Why Your Digital Identity Could Haunt You After Death

Why Your Digital Identity Could Haunt You After Death

Minnesota lacks laws governing how your digital assets are handled when you’re history.

When a person dies, their will or a court governs how their property is handled. In the digital realm, though, passwords and encrypted data often make it impossible, says Jim Lamm, an estate planning and tax attorney at Minneapolis-based Gray Plant Mooty.

Lamm says the issue is becoming a problem. Currently, Minnesota has no legislation on digital assets after death—only seven states have passed laws on the subject, and Lamm says they have all fallen short.

This can be a big problem for small and medium-sized businesses, especially sole proprietorships. “If a small business runs their sales and accounts through a free email system like Gmail and they haven’t planned ahead, no one else may be able to access it if the user dies,” Lamm warns. “I’ve talked to some business owners that had an employee die who used a Yahoo email account for business. The business couldn’t get into his account, so they couldn’t track sales or orders—it was a nightmare.”

There are four issues that distinguish estate planning in the digital world: passwords, encryption, data privacy laws and criminal statutes on unauthorized computer access.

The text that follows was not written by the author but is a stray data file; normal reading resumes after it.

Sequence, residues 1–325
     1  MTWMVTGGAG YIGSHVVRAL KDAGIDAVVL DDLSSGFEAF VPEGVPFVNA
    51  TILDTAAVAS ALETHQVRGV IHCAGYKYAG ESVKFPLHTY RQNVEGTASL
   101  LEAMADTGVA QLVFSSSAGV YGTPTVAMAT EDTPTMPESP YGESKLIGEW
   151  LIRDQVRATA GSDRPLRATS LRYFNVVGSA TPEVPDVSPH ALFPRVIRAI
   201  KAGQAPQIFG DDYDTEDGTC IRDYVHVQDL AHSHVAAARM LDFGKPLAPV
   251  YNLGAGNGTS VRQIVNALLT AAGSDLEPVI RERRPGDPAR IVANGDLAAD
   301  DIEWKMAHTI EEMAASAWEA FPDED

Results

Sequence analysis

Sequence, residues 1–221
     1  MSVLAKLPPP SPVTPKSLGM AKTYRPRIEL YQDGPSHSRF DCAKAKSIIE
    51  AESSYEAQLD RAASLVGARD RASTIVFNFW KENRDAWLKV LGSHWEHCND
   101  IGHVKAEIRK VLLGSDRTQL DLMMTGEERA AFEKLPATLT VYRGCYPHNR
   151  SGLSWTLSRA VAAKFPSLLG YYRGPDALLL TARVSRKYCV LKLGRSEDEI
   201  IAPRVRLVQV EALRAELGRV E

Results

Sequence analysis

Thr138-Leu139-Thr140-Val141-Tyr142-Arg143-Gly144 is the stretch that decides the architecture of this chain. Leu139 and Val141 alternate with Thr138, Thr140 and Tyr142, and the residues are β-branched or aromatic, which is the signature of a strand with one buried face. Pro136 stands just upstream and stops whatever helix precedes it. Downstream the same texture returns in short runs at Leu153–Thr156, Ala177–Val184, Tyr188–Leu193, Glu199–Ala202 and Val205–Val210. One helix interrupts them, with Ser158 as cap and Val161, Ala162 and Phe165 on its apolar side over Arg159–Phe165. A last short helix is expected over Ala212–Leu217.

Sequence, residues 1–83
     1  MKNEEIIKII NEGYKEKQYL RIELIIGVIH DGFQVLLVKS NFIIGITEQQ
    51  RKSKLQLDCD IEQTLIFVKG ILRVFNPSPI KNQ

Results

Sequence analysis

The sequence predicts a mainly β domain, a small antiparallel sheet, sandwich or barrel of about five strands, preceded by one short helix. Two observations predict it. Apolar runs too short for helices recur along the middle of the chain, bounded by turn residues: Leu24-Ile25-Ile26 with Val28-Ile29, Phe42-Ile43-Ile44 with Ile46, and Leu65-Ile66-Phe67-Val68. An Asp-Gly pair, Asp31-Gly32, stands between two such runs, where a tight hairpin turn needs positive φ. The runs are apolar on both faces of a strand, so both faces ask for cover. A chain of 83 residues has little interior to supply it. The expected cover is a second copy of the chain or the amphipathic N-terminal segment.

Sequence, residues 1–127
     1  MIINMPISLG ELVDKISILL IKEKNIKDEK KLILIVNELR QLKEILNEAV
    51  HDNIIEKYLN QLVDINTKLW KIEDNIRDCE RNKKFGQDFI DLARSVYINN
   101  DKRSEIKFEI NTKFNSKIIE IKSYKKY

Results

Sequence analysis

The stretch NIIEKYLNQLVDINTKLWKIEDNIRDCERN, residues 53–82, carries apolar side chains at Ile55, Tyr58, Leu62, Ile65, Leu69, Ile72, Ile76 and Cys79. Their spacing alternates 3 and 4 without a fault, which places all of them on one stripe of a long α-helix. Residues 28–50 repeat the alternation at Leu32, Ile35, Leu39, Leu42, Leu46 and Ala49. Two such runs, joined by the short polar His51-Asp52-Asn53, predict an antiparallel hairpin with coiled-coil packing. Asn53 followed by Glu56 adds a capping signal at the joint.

Because of these barriers, “extremely valuable digital property can be lost, such as expensive domain names, web-page or blog control, or virtual currency like Bitcoin,” Lamm says. “Not to mention ‘emotional property’ like photos or personal correspondence. These things can be trapped behind passwords, or fiduciaries can be denied access due to terms of use mandated by Google, Facebook or Apple.”

So Lamm pitched a new law to the Chicago-based Uniform Law Commission that would treat computer, smartphone and online accounts as it does traditional property, such as real estate and bank accounts. As of press time, Lamm says he was almost certain the commission would approve the law at its annual meeting in July, after which Lamm says he will work to have Minnesota to adopt it.